For residents, the most obvious concern is the air: In smog-swamped Beijing, just 25 of 2,028 days between April 2008 and March 2014 had "good" air quality by U.S. standards, according to a Wall Street Journal analysis of U.S. embassy air-monitoring data. Don't worry: China still is a great place to bring your family -- just as long as nobody eats, drinks, or breathes. I'll always remember the way a top Texas energy regulator, Barry Smitherman, recounted a 2010 trip to Beijing, which happened to include the day the U.S. Embassy infamously described the air quality as "crazy bad." "I came away from the trip concluding that I'm not really afraid of the Chinese as a competitor," he told me.

Of course, business in China has hardly ground to a stop because of environmental concerns. Quite the opposite: Depending how you measure it, China's economy could overtake the United States this year, and Beijing still expects its GDP to grow by 7.5 percent in 2014. Many international workers still want a stint in China, both for the experience and because they can often make more money than at home.

But the casualties are mounting. An obvious one is tourists, who are recalibrating whether the wonders of the Great Wall are worth clogged lungs. The number of visitors to Beijing fell by 10 percent in the first 11 months of 2013 compared to the same period in 2012 (other factors like the strengthening yuan were also at work). Edward Wong, the New York Times correspondent in Beijing, has written memorably about how many Chinese and foreigners, fearful for their air, food, and water, feel as though they are "living in the Chinese equivalent of the Chernobyl or Fukushima nuclear disaster areas." After checking his own air filter the first time, Wong wrote, "the layer of dust was as thick as moss on a forest floor. It nauseated me."

It's no surprise, then, that some people are leaving -- mostly expats and wealthy or well-educated Chinese who are able to find well-paying jobs internationally. Solid numbers are hard to come by, but a recent survey by the Beijing-based Center for China and Globalization found that nearly 70 percent of Chinese leaving the country cited pollution as a key factor. (Many may not be leaving permanently, and pollution is not the only factor in their calculus -- distaste of corruption, search for adventure, fear of arrest, and desire for a better education for their children are some of the other reasons why people leave China.) But permanent emigrants will invest their assets elsewhere, to the government's undoubted dismay. China's one-child policy may contribute to the rush, says Daniel Gardner, a professor of history at Smith College, since couples with only one son or daughter are especially reluctant to risk their child's health in a polluted environment. As for foreigners, a recent survey by the Beijing and Northeast China chapters of the American Chamber of Commerce found that 48 percent of respondents "cited difficulty recruiting or retaining senior executives in China due to pollution," reports Bloomberg.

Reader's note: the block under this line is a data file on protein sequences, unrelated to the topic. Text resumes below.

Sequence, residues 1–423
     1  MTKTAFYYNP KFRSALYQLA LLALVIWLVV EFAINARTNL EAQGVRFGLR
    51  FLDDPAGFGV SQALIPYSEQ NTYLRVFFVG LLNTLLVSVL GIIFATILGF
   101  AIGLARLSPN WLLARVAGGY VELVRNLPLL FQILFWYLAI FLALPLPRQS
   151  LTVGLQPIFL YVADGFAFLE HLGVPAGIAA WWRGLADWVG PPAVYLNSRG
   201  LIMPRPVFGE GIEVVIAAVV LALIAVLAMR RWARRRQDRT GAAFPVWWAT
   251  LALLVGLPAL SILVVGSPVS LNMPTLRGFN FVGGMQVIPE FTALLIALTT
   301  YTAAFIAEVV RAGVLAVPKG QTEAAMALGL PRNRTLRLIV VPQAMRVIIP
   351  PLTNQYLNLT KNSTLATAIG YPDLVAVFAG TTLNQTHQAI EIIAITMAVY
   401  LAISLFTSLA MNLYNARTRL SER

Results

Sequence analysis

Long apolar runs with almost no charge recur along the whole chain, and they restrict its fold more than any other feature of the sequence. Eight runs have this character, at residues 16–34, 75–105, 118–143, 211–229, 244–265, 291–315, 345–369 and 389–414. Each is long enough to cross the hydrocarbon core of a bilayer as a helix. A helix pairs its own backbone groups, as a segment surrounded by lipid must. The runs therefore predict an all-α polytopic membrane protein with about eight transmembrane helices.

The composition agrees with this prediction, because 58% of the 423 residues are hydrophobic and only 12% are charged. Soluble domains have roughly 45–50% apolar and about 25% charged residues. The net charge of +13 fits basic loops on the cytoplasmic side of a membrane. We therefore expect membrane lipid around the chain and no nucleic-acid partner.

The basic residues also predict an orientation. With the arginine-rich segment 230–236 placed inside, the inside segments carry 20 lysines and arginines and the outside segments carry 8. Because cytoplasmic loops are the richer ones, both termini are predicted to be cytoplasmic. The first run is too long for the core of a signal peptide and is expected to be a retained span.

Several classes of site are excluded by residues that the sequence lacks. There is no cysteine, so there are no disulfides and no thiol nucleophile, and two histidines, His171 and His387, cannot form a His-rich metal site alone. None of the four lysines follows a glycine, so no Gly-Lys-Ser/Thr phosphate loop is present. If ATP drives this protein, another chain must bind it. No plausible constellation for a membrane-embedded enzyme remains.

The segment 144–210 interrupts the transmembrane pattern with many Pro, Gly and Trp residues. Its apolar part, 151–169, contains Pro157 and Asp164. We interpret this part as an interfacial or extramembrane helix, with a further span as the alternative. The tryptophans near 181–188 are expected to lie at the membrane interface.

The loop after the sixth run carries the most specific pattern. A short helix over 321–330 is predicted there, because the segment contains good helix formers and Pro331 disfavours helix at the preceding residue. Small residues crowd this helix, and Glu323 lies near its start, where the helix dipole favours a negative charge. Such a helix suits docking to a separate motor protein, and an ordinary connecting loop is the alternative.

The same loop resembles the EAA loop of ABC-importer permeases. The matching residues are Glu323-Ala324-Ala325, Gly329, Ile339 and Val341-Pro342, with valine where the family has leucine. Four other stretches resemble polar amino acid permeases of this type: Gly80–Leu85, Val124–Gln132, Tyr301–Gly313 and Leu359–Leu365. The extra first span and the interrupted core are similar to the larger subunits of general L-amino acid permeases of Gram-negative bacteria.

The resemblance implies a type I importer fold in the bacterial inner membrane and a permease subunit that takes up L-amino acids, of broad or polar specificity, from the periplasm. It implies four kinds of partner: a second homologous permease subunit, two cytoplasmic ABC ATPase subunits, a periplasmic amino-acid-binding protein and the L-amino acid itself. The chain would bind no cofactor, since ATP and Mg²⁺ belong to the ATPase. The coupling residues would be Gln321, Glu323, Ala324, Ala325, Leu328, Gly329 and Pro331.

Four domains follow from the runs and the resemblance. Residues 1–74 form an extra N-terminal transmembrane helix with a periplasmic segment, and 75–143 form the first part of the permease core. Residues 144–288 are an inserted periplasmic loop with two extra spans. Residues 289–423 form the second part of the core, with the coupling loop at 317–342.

Foreigners who stay may be making more money than ever because of the pollution, however. Panasonic recently started offering extra pollution pay for expatriates in China. The move will be mirrored by other major international companies, but it may not be enough. The Canadian Embassy in Beijing is having problems filling slots because of pollution concerns, for example, even though staff already receives a hardship allowance similar to those doled out in Bogota or Caracas, according to Canada's Globe and Mail. In April, the Canadian ambassador to China hinted to the paper that one day, small children could be barred from accompanying parents to China.

Beyond individuals' physical and mental health, the pollution fiasco matters because China wants to transition its cities to modern, service-oriented economies filled with software entrepreneurs, health experts, and international financiers. "Under the old plan, where China's get-rich plan was based on dirty manufacturing," environmental concerns didn't matter, says Matthew Kahn, a professor at UCLA's Institute of the Environment and Sustainability. Now, China wants to send manufacturing inland and lure Davos and Silicon Valley types to its big coastal cities. But such people have choices, says Kahn, and Beijing's allures of cuisine and culture, universities and government, will matter far less if people are afraid for themselves and their children. Even Shanghai, thought to be cleaner than Beijing, suffered its own Airpocalypse in December, a few months after the government grandly established a Shanghai Free Trade Zone to woo the foreign financial sector.

The good news is that over the last several years China has acknowledged the severity of the problem (something its badly polluted rival India still needs to do). Chinese Premier Li Keqiang famously declared a "war on pollution" in March. Facing up is the first step toward making improvements, though if history is any guide, it's going to be a long and depressing slog -- made harder by the fact that fighting pollution means shutting down factories and limiting vehicular traffic, which dents the economy. But it's hard to put a price tag on resurrecting the "Made in China" label, and on keeping Fido healthy.